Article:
Experts and professional bodies in Australia are urging the New South Wales government to investigate a controversial exhibition in Sydney featuring flayed, plastinated human corpses sourced from China. They say the human corpses and body parts on display could be the remains of executed prisoners, including prisoners of conscience.
The ‘Real Bodies’ exhibition, which displays 20 real human corpses that have been plastinated alongside 200 plastinated body parts, has continued to attract public outcry over ongoing ethical concerns that the remains may be those of unwilling Chinese citizens. Plastination is the process of skinning human bodies and injecting liquid silicone into the flesh in order to preserve it.
“We now call on you as the NSW Premier for an immediate and full investigation into whether holding the exhibition complies with Australia’s laws, directives, and ethical standards,” the letter said. Among those who signed were Madeleine Bridgett, an international human rights barrister, professor of bioethics and medicine Ian Kerridge from the University of Sydney, and clinical ethics professor Wendy Rogers from Macquarie University.
The letter cited "grave and ethical human rights concerns" as to how and where the bodies and organs in the exhibition were sourced. It pointed out that Tom Zaller, the President and CEO of Imagine Exhibitions—the company behind the exhibit—has already publicly admitted that he had no consent documents and identification papers to confirm the origin of the bodies.
Bodies from Prisoners of Conscience in China?Zaller previously denied claims that the bodies were unethically sourced, saying that they were “unclaimed” bodies supplied by his business partner Dr. Sui Hongjin from Dalian, China. Sui is the director of the department of anatomy at Dalian Medical University and general manager of Dalian Hoffen Bio-Technique Co. Ltd.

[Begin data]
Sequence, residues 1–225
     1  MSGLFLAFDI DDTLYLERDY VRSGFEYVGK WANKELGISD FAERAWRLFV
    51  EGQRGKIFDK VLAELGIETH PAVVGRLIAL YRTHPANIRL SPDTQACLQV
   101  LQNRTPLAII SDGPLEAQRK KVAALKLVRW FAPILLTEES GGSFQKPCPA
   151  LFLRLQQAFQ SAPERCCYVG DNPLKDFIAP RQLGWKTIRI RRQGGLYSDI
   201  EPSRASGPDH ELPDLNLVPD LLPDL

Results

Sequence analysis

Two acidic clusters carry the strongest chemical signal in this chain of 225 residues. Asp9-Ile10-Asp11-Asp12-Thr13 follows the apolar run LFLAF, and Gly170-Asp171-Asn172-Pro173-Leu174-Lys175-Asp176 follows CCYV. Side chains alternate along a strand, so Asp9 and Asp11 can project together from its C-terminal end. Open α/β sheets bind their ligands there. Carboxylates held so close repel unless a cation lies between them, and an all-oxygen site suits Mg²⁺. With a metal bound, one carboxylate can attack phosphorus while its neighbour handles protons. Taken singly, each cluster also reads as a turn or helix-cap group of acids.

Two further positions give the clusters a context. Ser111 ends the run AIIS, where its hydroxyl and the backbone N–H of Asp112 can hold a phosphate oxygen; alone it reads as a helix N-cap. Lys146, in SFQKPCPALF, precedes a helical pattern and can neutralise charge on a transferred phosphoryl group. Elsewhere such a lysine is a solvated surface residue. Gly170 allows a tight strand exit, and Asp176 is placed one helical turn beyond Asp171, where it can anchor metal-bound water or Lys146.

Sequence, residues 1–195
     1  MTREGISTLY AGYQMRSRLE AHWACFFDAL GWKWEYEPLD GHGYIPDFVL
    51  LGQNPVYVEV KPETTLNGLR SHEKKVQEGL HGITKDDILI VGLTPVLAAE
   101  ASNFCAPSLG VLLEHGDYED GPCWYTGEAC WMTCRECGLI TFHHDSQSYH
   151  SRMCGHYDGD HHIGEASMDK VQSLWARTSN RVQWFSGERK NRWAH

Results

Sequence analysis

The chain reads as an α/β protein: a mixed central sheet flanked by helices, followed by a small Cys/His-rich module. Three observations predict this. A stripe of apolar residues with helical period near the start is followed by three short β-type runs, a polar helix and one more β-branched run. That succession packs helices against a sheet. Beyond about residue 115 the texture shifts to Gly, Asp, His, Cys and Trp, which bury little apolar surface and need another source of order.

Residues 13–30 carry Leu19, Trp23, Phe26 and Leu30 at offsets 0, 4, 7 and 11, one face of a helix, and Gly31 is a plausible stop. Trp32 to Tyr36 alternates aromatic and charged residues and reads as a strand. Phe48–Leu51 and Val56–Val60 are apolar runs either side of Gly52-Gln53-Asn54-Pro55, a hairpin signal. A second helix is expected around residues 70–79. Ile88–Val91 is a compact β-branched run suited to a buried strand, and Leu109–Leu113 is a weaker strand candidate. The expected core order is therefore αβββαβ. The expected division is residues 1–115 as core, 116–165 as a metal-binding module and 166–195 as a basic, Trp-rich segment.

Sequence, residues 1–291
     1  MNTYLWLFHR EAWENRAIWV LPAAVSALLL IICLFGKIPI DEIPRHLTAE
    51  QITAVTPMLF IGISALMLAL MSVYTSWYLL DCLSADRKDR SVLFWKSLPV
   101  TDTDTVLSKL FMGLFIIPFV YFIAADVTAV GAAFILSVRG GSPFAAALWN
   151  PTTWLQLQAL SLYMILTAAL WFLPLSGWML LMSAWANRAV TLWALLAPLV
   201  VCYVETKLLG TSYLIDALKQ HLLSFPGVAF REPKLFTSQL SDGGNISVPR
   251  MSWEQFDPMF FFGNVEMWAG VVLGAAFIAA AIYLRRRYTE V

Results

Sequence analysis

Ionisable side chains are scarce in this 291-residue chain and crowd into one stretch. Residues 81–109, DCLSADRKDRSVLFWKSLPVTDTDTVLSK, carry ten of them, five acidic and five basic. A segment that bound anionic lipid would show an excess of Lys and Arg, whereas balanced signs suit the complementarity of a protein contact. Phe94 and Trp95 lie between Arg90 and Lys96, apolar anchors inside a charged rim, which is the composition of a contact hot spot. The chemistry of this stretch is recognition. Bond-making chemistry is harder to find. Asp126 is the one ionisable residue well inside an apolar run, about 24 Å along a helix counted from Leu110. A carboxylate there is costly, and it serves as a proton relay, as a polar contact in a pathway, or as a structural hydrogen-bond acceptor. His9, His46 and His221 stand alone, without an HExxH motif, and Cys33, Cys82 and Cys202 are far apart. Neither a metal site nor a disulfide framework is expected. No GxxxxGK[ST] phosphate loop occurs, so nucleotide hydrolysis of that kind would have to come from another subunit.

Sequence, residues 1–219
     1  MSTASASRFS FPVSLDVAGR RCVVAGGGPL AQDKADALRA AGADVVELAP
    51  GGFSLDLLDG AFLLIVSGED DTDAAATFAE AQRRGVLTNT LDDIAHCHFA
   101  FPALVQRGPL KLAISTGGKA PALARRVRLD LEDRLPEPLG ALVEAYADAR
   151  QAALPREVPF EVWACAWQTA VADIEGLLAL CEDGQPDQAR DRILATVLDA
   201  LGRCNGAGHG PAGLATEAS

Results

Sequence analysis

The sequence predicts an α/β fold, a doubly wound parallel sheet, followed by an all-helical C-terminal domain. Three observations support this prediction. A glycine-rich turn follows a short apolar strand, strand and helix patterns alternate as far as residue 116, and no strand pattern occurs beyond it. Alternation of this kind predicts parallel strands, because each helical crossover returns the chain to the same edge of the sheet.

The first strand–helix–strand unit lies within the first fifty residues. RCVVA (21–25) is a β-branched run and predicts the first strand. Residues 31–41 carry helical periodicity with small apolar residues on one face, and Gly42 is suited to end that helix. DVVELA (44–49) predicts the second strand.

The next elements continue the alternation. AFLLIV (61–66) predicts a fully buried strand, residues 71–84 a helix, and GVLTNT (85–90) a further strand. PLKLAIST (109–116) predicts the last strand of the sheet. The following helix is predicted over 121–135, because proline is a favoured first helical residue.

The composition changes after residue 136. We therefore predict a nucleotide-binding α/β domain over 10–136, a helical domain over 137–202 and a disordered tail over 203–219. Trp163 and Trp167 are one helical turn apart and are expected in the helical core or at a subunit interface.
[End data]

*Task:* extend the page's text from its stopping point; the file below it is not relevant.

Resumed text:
"It is in these labour camps and 'black jails' that organ trafficking is known to occur on an unprecedented scale, via the harvesting of organs and tissues from executed prisoners of conscience," the letter said.
Through showing the bodies, the exhibition may be in breach of ethical and legal practice, the letter added.
NSW Health May Be Breaching Own Laws in Approving Exhibit"It remains unclear whether the exhibition complies with NSW’s anatomy licensing laws," the letter to the NSW Premier said.
"Despite repeated requests, NSW Health has failed to investigate the exhibition to ensure it complies with [its own policies]. We request that you direct NSW Health to conduct such an investigation."
In response to RACP’s letter, NSW Health said that the Anatomy Act did not apply to the exhibition as it only dealt “with the anatomical examination of human deceased bodies” and not their display.
Professor Ian Kerridge, chair of RACP’s ethics committee, said NSW Health’s response was concerning.
“There are legislation, regulations, and policies that apply to the movement of cells, tissues, body parts, and bodies across borders,” he said, reported Fairfax.
“In any case, what is troubling here is not simply the laws that surround these types of activities but the ethics of doing so, and on this, the state and Commonwealth governments are silent.”
International ConcernEthical and legal concerns have led to the banning of similar exhibitions of human corpses in other places, including Hawaii, France, Seattle, and Israel, as well as more recently, in Vietnam. The exhibits were suspended because organisers were unable to provide information about where the bodies came from.
The letter to the NSW Premier noted that trading in tissue and organ trafficking are serious modern slavery offences in Australia and around the world.
“On 6 June 2018, the NSW Parliament passed the Modern Slavery Act 2018, which provides for the prohibition of trading in tissue. This provision has extraterritorial effect. Australia’s Criminal Code Act 1995 (Cth) also provides for offences of organ trafficking,” the letter said.
“Using human organs and tissues without consent for financial profit is the antithesis of international ethical and legal practice as set out in the Declaration of Istanbul on Organ Trafficking and Transplantation and the Council of Europe Convention against Trafficking in Human Organs.”
NSW Health has been reached for comment.